A powerful tool in the litigation arsenal is the bringing of a motion to remove counsel from a file, either because she possesses disqualifying confidential information or faces a disqualifying conflict of duty.  A recent ruling of the Federal Court of Appeal,Valeant Canada LP v. Canada, 2014 FCA 50, confirms that even a party’s in-house counsel is potentially vulnerable to such an attack.

Valeant Canada and Cobalt Pharmaceuticals are involved in litigation concerning a Valeant patent (“the ’224 Patent”), and a Valeant product with diltiazem hydrochloride (“DH”) as its active ingredient.  Valeant had alleged that three disqualification issues had arisen in the proceeding:

  • First, until 2008, law firm DWW had been the long-time external counsel of Valeant’s predecessor corporation (“Biovail”).  During its past mandates, DWW had worked for Biovail on cases involving the ’224 Patent and DH products.  In this context, the law firm had gained confidential information regarding Biolvail’s business.   More recently, DWW had represented Cobalt in bringing the current proceeding involving the ’224 Patent and attacking Valeant’s DH  products.  Valeant alleged that DWW had to be removed as Cobalt’s external counsel because it possessed relevant confidential Biovail/Valeant information.
  • Second, during the time that DWW had represented Biovail, an individual (“Mr. Migus”) had been both an articling student and an associate at the firm.  In this capacity, he had been involved in work relating to the ’224 Patent and to Biovail’s DH products.  Mr. Migus was currently in-house counsel at Cobalt, the company bringing the current proceeding involving the ’224 Patent and attacking Valeant’s DH  products.  Valeant alleged that Mr. Migus had to be prevented from working on the current matter because he possessed relevant confidential Biovail/Valeant information.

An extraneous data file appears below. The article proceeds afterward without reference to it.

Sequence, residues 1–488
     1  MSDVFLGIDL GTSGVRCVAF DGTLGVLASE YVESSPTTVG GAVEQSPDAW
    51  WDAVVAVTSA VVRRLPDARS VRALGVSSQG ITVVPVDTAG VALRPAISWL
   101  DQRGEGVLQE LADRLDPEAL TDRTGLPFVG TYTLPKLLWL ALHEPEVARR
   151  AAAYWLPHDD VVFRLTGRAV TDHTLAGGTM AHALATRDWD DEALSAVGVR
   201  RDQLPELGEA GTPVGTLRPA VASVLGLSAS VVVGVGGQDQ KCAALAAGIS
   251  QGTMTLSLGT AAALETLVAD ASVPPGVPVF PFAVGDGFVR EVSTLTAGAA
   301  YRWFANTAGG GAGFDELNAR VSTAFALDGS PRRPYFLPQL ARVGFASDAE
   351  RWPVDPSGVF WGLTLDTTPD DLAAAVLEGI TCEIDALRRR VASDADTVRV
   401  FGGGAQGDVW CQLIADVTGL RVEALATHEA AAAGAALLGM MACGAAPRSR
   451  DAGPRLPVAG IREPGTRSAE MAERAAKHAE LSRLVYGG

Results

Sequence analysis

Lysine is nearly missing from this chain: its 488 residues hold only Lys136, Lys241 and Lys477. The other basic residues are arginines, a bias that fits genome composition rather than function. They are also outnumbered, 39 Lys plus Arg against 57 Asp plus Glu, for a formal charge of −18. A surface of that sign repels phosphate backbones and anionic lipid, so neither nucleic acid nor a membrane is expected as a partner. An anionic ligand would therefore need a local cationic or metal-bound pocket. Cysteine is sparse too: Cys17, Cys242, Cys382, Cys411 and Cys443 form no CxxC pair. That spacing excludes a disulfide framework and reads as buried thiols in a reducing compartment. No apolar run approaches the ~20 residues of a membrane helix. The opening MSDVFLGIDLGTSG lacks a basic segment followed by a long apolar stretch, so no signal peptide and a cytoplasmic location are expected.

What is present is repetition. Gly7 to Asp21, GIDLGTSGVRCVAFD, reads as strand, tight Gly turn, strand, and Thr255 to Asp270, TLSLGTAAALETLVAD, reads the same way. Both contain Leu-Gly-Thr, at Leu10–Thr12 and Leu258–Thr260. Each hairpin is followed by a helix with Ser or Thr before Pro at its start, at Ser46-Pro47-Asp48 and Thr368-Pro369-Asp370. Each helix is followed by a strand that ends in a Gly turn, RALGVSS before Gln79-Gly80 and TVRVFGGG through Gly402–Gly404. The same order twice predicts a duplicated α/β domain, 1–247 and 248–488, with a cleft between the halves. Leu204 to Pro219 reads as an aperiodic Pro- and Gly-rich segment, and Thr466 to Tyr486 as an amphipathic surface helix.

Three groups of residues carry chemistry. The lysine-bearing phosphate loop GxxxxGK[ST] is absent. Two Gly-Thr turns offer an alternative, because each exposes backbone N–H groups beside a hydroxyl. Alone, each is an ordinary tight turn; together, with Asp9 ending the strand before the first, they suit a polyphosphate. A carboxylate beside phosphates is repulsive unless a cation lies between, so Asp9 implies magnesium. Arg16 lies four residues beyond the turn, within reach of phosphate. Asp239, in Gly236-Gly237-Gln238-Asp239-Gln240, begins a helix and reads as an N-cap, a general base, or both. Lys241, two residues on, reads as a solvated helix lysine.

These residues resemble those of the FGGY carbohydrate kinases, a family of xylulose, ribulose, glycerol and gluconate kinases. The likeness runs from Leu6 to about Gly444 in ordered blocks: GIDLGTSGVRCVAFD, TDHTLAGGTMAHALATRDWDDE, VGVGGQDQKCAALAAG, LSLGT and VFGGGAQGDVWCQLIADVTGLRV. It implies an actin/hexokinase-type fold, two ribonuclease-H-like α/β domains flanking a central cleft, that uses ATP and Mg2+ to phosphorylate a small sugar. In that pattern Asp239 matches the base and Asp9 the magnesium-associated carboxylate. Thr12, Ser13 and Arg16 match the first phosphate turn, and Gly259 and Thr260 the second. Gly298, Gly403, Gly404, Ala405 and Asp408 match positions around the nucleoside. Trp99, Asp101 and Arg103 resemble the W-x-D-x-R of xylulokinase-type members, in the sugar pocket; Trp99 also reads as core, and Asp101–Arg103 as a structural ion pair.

• Third, because of the involvement of both DWW and Mr. Migus, Valeant argued that Cobalt’s “Notice of Allegation” (lying at the heart of the current proceeding) was invalid , and could not be relied upon by Cobalt.

The law firm had voluntarily withdrawn from the file once Valeant raised its concerns.  As such, the Court did not need to address the conflict that it faced.

Regarding the role of Mr. Migus, the in-house counsel, the Court of Appeal ruled that — applying the test established in MacDonald Estate v. Martin, [1990] 3 S.C.R. 1235, and Canadian National Railway Co. v. McKercher LLP, 2013 SCC 39 – he was disqualified from working on the file for his employer.  The Court accepted that, while Mr. Migus was working at the law firm DWW, he had reviewed confidential Biovail information relating to the ’224 Patent.  There was clearly a risk that such information could now be used against Valeant.  In such circumstances, the disqualification was automatic.  Interestingly, and unlike the motions judge, the Federal Court of Appeal stated expressly that it was not relying on any “inference” that would have disqualified Mr. Migus merely because other lawyers at DWW had reviewed confidential Biovail information while he was working at the firm.

On the facts of the case, the Court of Appeal refused to grant the final remedy requested by Valeant — namely, the rejection of Cobalt’s Notice of Allegation, which had been prepared with input from DWW and Mr. Migus.  The Court accepted that, in extraordinary cases, such relief might be granted, but that the current record did not conclusively establish that Biovail/Valeant confidential information had been misused in a material way in preparing the Notice of Allegation.